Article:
Big financial players such as Citigroup, and Morgan Stanley revealed their bottom line and missed the Street's estimates by a long shot. Are TARP repayments to blame or are hidden crosscurrents quietly at work?
Less than a year ago, financial and banking stocks (KBE) traded more than 80 percent below their 2007 high watermark. There was a reason for that.
In 2008, financial CEO's (including Fannie Mae, Freddie Mac, AIG, Bear Stearns and Lehman) were cheerleading their own companies. In September 2008, the ETF Profit Strategy Newsletter considered the financial sector a "downward spiral with no stop-loss provision."
This proved true. In March, however, it was time to switch gears. The March 2nd Trend Change Alert in the ETF Profit Strategy Newsletter recommended to buy financial and leveraged financial ETFs such as the Ultra Financial ProShares (UYG). UYG subsequently gained over 300 percent.
One of the keys to investing is to use common sense. It makes sense, therefore, to examine banks' health, especially since the banking sector has gained nearly 150 percent in ten months.
Good earnings - lower prices, how come?
The night before Intel released blockbuster earnings, it sent the stock higher in after-market trading. Despite Intel's strength, the Nasdaq (QQQQ) and Technology Select Sector SPDRs (XLK) sold off more than the Dow and S&P 500.
Just before Intel's announcement, the Dow and S&P rallied to new recovery highs. Those recovery highs were unconfirmed by the Dow Jones Transportation Index (IYT), Nasdaq, Dow Jones Utilities Sector (XLU), and Dow Jones Total Market Index (TMW). Could this be a case of "buy the rumor and sell the news?"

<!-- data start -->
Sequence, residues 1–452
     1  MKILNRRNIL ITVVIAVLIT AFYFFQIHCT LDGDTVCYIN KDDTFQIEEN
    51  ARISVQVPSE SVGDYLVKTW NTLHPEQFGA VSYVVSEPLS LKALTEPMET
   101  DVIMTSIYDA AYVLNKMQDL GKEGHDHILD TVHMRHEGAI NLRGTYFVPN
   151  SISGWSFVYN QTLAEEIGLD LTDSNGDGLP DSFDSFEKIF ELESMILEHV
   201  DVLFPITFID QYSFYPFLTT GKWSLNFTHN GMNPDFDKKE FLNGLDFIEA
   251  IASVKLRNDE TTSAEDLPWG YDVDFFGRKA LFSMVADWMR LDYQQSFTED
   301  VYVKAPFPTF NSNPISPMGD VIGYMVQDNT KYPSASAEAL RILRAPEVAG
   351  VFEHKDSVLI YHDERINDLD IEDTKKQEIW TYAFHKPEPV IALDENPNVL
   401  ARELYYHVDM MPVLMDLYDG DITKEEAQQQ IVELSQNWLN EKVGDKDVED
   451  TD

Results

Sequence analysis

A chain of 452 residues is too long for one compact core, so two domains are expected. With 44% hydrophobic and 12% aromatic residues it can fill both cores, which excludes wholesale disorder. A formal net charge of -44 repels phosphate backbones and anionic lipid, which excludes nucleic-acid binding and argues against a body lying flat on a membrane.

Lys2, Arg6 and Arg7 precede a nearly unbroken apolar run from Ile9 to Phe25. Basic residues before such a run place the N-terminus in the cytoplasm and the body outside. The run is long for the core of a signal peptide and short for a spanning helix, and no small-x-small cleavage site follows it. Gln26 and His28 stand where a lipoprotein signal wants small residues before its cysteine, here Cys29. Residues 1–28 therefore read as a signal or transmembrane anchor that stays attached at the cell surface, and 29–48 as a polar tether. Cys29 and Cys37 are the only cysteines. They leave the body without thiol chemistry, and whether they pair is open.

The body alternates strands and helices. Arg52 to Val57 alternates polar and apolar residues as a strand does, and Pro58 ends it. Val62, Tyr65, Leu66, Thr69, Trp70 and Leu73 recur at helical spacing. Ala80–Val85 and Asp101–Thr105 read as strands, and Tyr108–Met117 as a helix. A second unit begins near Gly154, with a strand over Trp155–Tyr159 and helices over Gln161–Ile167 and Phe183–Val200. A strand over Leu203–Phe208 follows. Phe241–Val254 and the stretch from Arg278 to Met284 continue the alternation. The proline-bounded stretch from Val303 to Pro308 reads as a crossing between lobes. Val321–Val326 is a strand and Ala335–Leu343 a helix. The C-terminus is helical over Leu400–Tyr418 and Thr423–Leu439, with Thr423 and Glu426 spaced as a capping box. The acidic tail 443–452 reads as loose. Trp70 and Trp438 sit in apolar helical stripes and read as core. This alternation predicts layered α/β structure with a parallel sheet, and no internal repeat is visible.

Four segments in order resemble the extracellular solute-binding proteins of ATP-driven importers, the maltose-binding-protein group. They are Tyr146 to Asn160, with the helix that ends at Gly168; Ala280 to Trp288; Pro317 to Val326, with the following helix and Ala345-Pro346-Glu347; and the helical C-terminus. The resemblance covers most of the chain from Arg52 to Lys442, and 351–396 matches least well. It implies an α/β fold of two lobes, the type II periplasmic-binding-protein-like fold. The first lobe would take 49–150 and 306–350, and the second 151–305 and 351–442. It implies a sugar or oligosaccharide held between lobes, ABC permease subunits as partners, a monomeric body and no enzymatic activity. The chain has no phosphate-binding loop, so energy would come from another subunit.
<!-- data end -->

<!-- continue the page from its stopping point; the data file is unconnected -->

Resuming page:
Other economically sensitive sectors, such as financials (XLF) and consumer discretionary (XLY), started their decline already a week earlier.
Friday's (1-15-10) performance in financials mirrored the performance in technology. JP Morgan, the first major bank to report earnings, beat Wall Street's consensus estimate by 13 cents a share, yet the financial sector sold off.
Why? Nobody knows for sure, but here are a few clues.
Reuters reports that the bank's large mortgage and credit card businesses have seen rising credit costs, offset only by record investment banking revenue. Losses even on prime mortgages almost tripled compared to 2008.
JP Morgan Chase CEO Jamie Dimon stated that, "We don't know when the recovery is." This blunt honesty is as refreshing as it is concerning. One thing we've learned is that bank CEO's tend to be more optimistic than the situation warrants.
Is History Repeating Itself?
Right before the 1930 market top, investors' felt confident about stocks' future as they do today. The March 25, 1930, issue of the "New York Times" reported the following: "Wall Street was in a cheerful frame of mind as a result of numerous vague reports of improvement in business and industry."
No two words capture the essence of the recent rally better than cheerful and vague.
If you'd like to put a number on "cheerful," you will find that investor sentiment today has reached the same levels of optimism as in late 2007 (Investors Intelligence survey of bullish advisors) and April 2000 (American Association of Individual Investors cash allocation). We all know what happened both times.
What goes up must come down. If you had to academically quantify up, S&P 500 might be the number that marks the end of this rally.
The brand new issue of the ETF Profit Strategy Newsletter includes a detailed short, mid and long-term forecast for all major asset classes, along with target and safety levels for the U.S. stock market.